Business & Education

Business
4:42 am
Tue August 13, 2013

BlackBerry May Be Sold

Originally published on Thu August 15, 2013 6:59 am

Transcript

DAVID GREENE, HOST:

NPR's business news starts with BlackBerry weighing its option.

(SOUNDBITE OF THEME MUSIC)

GREENE: The Canadian telecom firm announced yesterday that it maybe looking for new owners. BlackBerry was valued at more than $80 billion back in 2008. Then the iPhone and Android came along and stole its dominance of the smartphone market. Now BlackBerry is worth only about $5.4 billion and its market share is plummeting.

Economy
4:42 am
Tue August 13, 2013

Communities Debate Whether Sharing Services Saves Money

Originally published on Thu August 15, 2013 6:59 am

Transcript

RENEE MONTAGNE, HOST:

This is MORNING EDITION, from NPR News. Good morning. I'm Renee Montagne.

DAVID GREENE, HOST:

And I'm David Greene.

We're going to take a look this morning at how the economic downturn has hurt the places where we live - cities, counties, towns - and the ways that people are trying fight through.

MONTAGNE: We begin in Wisconsin, where, as in much of the country, municipalities are running out of sources of cash. Residents complain taxes are too high, then wince when services are cut.

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Business
4:42 am
Tue August 13, 2013

Why Modern Latinas Are A Challenge To Marketers

Originally published on Thu August 15, 2013 6:59 am

Transcript

DAVID GREENE, HOST:

Hispanic American are an increasingly important consumer demographic to woo. That's according to a new study from the market research firm Nielsen. The report says that most of today's Latinas are the primary decision makers when it comes to household spending.

But marketing to them is a real challenge, as NPR's Shereen Marisol Meraji reports.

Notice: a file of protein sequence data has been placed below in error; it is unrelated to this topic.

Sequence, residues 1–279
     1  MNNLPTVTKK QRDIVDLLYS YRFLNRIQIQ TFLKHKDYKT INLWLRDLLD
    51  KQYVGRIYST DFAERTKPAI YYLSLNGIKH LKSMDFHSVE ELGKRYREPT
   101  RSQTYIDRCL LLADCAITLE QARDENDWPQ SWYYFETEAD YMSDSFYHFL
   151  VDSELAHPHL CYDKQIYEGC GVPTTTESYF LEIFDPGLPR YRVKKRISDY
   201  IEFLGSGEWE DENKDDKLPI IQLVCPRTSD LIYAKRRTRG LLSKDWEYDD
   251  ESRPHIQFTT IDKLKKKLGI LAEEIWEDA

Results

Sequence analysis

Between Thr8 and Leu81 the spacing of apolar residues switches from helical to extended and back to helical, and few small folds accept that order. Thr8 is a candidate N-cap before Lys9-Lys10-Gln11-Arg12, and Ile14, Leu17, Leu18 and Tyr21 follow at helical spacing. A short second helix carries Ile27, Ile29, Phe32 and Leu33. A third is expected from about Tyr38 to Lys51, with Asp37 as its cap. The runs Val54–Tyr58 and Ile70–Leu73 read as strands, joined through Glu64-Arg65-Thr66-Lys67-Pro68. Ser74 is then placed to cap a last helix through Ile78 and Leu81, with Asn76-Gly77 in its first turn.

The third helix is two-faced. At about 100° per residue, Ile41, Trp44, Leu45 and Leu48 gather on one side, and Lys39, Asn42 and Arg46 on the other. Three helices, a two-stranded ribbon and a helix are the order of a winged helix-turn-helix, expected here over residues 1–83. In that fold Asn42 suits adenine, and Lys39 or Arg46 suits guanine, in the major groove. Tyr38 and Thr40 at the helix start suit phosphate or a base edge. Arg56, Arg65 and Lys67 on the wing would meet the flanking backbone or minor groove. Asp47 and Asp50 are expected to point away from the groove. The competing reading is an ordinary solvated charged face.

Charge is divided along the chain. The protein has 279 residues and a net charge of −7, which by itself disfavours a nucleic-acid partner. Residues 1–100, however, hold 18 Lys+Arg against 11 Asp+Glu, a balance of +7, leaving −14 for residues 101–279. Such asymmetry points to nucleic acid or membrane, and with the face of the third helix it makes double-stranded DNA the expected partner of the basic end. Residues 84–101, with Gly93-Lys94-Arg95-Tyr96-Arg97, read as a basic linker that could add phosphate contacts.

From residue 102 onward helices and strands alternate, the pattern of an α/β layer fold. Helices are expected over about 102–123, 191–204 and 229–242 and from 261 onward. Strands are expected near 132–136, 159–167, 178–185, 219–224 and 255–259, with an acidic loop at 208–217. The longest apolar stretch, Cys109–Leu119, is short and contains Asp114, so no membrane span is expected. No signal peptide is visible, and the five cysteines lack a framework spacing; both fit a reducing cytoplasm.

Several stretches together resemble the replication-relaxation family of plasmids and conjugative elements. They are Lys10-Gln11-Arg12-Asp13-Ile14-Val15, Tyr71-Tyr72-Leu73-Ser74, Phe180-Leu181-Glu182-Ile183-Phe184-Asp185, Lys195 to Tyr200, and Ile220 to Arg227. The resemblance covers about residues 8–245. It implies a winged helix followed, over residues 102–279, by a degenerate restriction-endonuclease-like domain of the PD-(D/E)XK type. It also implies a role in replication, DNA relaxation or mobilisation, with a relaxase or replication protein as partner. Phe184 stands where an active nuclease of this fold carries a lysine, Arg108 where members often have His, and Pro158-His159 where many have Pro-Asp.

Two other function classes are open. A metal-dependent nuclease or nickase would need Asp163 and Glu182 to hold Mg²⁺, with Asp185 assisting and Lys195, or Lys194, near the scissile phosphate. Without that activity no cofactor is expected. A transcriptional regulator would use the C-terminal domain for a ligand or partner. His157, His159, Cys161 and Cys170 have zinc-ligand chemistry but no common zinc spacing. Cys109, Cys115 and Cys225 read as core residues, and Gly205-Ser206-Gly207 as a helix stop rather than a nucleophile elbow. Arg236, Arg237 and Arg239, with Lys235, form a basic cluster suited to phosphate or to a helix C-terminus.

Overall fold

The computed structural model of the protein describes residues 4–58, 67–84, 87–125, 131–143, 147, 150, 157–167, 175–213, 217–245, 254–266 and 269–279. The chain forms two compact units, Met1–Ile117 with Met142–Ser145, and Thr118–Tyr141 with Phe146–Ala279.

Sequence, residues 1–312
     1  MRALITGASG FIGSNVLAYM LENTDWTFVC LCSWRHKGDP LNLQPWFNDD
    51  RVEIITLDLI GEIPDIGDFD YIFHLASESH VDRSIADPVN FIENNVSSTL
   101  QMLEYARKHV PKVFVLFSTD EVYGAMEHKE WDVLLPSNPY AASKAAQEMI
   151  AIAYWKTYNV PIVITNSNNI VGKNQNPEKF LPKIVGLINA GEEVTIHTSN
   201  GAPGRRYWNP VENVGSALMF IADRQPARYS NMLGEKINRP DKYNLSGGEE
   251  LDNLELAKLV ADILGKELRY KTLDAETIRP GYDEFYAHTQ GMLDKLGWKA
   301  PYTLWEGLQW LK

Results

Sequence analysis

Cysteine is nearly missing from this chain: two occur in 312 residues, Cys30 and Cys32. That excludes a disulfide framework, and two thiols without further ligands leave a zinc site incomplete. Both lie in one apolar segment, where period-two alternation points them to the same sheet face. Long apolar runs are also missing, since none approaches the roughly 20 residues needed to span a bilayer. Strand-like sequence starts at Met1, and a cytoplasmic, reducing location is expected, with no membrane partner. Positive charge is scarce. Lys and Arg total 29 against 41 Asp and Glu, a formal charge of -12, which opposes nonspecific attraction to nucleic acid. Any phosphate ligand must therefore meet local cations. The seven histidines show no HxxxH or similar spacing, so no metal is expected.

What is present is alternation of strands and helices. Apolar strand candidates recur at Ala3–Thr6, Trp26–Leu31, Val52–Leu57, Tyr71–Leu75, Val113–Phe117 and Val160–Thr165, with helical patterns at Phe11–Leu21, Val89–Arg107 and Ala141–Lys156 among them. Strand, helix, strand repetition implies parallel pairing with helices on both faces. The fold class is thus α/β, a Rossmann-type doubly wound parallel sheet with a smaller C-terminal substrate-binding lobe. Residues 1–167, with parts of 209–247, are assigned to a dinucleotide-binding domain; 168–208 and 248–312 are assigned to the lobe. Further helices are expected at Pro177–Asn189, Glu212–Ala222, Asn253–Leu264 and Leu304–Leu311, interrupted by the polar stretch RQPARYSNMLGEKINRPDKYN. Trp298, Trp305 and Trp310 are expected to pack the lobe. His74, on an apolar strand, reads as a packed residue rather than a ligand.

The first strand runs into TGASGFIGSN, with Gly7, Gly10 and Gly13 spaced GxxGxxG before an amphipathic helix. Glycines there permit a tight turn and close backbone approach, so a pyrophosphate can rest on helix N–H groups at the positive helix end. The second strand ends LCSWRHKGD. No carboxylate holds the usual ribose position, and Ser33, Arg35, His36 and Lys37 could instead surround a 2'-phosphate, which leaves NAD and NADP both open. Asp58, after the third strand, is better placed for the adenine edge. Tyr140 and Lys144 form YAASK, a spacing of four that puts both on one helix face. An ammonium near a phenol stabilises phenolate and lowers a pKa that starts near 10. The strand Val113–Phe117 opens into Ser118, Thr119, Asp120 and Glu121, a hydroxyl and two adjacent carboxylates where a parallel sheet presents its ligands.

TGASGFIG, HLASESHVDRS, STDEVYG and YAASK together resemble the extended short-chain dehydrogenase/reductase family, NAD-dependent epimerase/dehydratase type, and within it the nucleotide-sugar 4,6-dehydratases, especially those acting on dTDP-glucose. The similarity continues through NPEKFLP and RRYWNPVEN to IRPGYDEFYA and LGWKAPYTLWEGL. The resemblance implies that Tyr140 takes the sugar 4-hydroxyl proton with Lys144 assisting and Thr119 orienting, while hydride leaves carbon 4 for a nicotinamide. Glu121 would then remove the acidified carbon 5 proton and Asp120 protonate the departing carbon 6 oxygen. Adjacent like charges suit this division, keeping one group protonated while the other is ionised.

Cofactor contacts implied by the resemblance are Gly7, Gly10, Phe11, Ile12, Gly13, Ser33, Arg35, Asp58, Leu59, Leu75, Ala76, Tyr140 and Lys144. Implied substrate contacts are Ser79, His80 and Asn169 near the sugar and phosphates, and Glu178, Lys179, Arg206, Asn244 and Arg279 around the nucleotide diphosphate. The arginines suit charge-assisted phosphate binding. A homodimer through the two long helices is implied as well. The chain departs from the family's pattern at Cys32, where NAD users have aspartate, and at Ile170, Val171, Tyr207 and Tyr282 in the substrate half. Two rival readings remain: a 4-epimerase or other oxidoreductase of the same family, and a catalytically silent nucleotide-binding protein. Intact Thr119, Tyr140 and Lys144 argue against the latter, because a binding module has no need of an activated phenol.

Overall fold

SHEREEN MARISOL MERAJI, BYLINE: Welcome to the home of the contemporary Latina consumer.

PAMELA MARIA WRIGHT: Hi.

MERAJI: Hi. How are you?

Good. How are you?

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Shots - Health News
3:07 am
Tue August 13, 2013

Obamacare: People With Disabilities Face Complex Choices

Speech-language pathologists Jill Tullman (left) and Mendi Carroll (right) work with Bryce Vernon at Talking with Technology Camp in Empire, Colo., on July 25.
Kristen Kidd KCFR News

Originally published on Thu August 15, 2013 6:59 am

The Affordable Care Act has set new standards — called essential health benefits — outlining what health insurance companies must now cover. But there's a catch: Insurance firms can still pick and choose, to some degree, which specific therapies they'll cover within some categories of benefit.

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Parallels
2:01 am
Tue August 13, 2013

Windsor, Ontario, To Detroit: 'Reset And Come Out Stronger'

The Detroit skyline seen from Windsor, Ontario. The two cities are connected by more than just a bridge.
Carlos Osorio AP

Originally published on Thu August 15, 2013 6:59 am

The Detroit River is the mile-wide boundary that separates the United States and Canada. And the city park on the Windsor, Ontario, side of the river offers a better view of the Detroit skyline than anywhere else.